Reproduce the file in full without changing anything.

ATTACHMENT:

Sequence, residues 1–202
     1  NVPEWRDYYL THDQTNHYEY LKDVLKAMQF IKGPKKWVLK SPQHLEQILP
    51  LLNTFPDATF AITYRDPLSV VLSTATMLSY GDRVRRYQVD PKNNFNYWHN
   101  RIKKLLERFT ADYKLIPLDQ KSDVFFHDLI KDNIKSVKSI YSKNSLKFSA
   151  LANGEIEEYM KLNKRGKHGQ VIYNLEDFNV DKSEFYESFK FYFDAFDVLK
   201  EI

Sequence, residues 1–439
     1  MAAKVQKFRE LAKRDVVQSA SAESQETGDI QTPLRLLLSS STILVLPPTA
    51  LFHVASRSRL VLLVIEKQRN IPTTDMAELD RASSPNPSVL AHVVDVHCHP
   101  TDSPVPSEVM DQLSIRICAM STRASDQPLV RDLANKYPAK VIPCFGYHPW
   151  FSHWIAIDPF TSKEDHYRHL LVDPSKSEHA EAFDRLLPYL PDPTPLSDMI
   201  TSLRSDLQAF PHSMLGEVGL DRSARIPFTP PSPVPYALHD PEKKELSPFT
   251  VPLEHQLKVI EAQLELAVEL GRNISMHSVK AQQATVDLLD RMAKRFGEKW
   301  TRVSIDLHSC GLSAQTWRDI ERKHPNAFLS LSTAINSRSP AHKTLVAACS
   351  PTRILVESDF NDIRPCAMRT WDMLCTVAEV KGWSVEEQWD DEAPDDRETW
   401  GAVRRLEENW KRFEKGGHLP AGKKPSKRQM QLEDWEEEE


Sequence, residues 1–202
     1  NVPEWRDYYL THDQTNHYEY LKDVLKAMQF IKGPKKWVLK SPQHLEQILP
    51  LLNTFPDATF AITYRDPLSV VLSTATMLSY GDRVRRYQVD PKNNFNYWHN
   101  RIKKLLERFT ADYKLIPLDQ KSDVFFHDLI KDNIKSVKSI YSKNSLKFSA
   151  LANGEIEEYM KLNKRGKHGQ VIYNLEDFNV DKSEFYESFK FYFDAFDVLK
   201  EI

Sequence, residues 1–439
     1  MAAKVQKFRE LAKRDVVQSA SAESQETGDI QTPLRLLLSS STILVLPPTA
    51  LFHVASRSRL VLLVIEKQRN IPTTDMAELD RASSPNPSVL AHVVDVHCHP
   101  TDSPVPSEVM DQLSIRICAM STRASDQPLV RDLANKYPAK VIPCFGYHPW
   151  FSHWIAIDPF TSKEDHYRHL LVDPSKSEHA EAFDRLLPYL PDPTPLSDMI
   201  TSLRSDLQAF PHSMLGEVGL DRSARIPFTP PSPVPYALHD PEKKELSPFT
   251  VPLEHQLKVI EAQLELAVEL GRNISMHSVK AQQATVDLLD RMAKRFGEKW
   301  TRVSIDLHSC GLSAQTWRDI ERKHPNAFLS LSTAINSRSP AHKTLVAACS
   351  PTRILVESDF NDIRPCAMRT WDMLCTVAEV KGWSVEEQWD DEAPDDRETW
   401  GAVRRLEENW KRFEKGGHLP AGKKPSKRQM QLEDWEEEE